Joelle Allen, who completed her Master of Business Administration (MBA) at the University of St. Thomas in May, already knew where she’d be working the day after graduation: At Allen Events and Marketing, the company she started in 2002.
Allen says she always had “a love of getting people together,” which included “huge events at my parents’ house, much to their dismay.” It wasn’t until she took an internship at an ad agency that she learned event planning could be a paying job.
When she moved to Fort Wayne, Indiana, she volunteered with the Fort Wayne Bicentennial. “They were opening a park. The lady in charge disappeared two weeks in. I was the only person with event planning experience. They asked, ‘Can you do it?’ I said, ‘Absolutely.’ Then I worked night and day to make sure we pulled off the grand opening.”
She got jobs doing weddings and corporate events. Then the Fort Wayne News hired her to “bring in nontraditional sources of revenue.” She helped develop the Fort Wayne Women’s Show and a cooking show, and helped Sea World Ohio attract visitors from the Fort Wayne area. “Things just began to roll along,” Allen said.
Allen moved to Virginia, got divorced, and started thinking about making her way back to Minnesota.
“My son was starting 10th grade, and the MBA is a two-year program. We could graduate together. I had been traveling a ton, and I realized, ‘you’ve got limited time left to spend with this kid.’ And there were things I needed to learn to be more salable: More emphasis on strategy, the importance of building infrastructure that can run without you. I think I’m better equipped to do that.”
What do you like best about event planning?
I like the creativity and the logistics. I like to see people having a good time and knowing that I had something to do with that process.
Do you have any disaster stories?
One of my musicians had a heart attack on the way to an event in Raleigh, North Carolina. I don’t live in Raleigh, I don’t know anybody there. I had somebody drive up three and a half hours from Virginia.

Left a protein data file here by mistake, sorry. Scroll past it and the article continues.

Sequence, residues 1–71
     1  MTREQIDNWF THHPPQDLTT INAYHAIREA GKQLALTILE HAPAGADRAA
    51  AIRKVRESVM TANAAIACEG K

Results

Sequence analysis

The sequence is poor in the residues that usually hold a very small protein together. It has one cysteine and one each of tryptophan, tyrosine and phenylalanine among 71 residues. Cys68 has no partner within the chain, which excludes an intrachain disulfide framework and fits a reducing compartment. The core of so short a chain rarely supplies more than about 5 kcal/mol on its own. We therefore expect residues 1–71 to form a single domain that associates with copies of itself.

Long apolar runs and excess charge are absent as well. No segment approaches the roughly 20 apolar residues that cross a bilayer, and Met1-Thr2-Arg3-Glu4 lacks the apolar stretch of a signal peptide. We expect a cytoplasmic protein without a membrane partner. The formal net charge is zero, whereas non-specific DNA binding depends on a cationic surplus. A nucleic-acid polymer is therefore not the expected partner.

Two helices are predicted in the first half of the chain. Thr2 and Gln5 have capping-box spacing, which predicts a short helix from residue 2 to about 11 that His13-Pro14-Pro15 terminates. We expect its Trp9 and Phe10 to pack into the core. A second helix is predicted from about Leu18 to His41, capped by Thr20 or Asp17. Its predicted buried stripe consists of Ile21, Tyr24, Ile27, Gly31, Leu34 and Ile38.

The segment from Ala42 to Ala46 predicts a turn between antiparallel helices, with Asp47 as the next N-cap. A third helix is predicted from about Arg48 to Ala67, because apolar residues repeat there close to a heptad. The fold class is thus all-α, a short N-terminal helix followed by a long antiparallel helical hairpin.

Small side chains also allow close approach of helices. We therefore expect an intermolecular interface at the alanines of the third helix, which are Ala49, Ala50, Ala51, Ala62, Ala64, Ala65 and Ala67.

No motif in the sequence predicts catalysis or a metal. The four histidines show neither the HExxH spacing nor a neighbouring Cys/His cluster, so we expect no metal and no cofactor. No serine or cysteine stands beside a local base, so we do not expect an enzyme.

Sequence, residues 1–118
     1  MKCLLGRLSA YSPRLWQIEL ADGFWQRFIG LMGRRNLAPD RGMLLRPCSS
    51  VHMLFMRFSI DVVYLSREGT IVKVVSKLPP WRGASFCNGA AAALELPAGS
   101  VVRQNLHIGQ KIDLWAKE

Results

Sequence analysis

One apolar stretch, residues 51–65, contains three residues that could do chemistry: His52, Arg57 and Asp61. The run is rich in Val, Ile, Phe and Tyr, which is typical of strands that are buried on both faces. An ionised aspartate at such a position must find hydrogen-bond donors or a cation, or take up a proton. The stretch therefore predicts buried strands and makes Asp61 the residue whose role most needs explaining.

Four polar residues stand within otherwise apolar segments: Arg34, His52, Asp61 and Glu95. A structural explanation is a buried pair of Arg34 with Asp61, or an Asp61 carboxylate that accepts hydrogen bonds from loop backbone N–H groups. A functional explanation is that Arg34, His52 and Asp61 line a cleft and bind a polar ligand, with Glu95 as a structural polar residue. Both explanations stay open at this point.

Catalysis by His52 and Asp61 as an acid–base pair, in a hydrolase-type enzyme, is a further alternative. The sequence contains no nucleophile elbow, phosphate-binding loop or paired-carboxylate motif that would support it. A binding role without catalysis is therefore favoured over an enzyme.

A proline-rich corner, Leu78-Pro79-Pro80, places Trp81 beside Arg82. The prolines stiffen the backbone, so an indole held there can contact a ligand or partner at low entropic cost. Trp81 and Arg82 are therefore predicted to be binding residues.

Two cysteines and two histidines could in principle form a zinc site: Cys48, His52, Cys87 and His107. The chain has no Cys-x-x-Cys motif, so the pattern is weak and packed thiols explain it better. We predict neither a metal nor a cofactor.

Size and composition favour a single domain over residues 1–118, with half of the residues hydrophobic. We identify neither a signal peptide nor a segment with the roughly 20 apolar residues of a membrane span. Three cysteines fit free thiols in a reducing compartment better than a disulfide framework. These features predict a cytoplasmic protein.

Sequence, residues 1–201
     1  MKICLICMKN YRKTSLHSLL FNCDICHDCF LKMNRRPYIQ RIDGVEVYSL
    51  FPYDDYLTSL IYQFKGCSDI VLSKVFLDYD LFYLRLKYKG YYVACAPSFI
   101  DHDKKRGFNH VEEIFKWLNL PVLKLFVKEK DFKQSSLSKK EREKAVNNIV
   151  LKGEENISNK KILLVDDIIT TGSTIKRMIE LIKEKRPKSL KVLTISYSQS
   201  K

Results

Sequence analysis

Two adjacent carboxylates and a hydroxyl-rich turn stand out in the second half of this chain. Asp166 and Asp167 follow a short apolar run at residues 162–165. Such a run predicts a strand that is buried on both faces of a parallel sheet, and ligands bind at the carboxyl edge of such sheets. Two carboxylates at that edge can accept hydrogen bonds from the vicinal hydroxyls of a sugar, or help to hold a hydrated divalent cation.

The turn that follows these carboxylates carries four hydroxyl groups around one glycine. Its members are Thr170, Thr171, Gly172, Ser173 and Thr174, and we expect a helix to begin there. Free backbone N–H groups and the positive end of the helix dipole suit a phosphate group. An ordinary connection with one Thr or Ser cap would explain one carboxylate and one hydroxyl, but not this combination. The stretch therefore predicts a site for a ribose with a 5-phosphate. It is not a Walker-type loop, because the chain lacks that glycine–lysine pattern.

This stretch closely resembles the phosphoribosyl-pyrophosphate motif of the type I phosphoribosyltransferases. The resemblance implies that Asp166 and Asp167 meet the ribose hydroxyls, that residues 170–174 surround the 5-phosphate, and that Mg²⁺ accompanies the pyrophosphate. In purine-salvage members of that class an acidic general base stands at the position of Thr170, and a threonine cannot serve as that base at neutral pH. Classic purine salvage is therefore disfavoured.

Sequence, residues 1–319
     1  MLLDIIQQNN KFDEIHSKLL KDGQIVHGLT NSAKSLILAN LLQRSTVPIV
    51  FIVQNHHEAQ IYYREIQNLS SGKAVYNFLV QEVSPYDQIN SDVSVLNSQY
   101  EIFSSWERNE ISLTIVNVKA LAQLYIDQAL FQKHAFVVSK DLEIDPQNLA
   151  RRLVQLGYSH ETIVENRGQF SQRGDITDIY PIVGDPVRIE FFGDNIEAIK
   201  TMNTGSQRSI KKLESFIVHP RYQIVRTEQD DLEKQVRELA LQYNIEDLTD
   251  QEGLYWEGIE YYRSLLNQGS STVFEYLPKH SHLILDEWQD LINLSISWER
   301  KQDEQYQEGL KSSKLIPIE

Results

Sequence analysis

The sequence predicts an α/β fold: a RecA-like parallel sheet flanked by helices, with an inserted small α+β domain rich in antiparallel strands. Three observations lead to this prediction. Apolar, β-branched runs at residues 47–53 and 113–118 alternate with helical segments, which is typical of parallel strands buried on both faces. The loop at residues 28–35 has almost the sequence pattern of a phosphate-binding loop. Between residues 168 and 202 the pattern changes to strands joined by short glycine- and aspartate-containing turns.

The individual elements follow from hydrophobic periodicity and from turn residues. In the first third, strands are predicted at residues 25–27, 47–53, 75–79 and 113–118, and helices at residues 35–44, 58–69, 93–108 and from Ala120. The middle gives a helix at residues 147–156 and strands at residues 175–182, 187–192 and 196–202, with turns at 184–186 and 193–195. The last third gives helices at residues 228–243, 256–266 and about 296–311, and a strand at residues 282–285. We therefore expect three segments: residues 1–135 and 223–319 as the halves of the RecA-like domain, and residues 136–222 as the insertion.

Are there really Bridezillas?
I think the shows create some of that behavior. I’ve told brides, “Time out, I may not be your planner. All brides break down, I get it. But you’re not going to yell at me, I’m not going to yell at you.” Once we have that talk, people are fine. I did have a mother call me at three in the morning because her daughter had cut her hair and the veil wasn’t going to fit.
What does it take to be successful as an event planner?
You need to see five or 10 steps into the future. You need to foresee risks and have plans to avert them. If everything goes right, it’s not that tough, but things don’t always go right. You need to know what to do. You also have to work really well under pressure and work really well with people. In high stress situations, not everyone can do that.
What’s the future of event planning?
Companies are finally realizing that they need someone who truly understands event strategy so they can tie events into their overall marketing. We’re seeing social media as part of the event itself. The events don’t end when the lights go on — people take it to social media and continue the conversation. That’s really powerful. □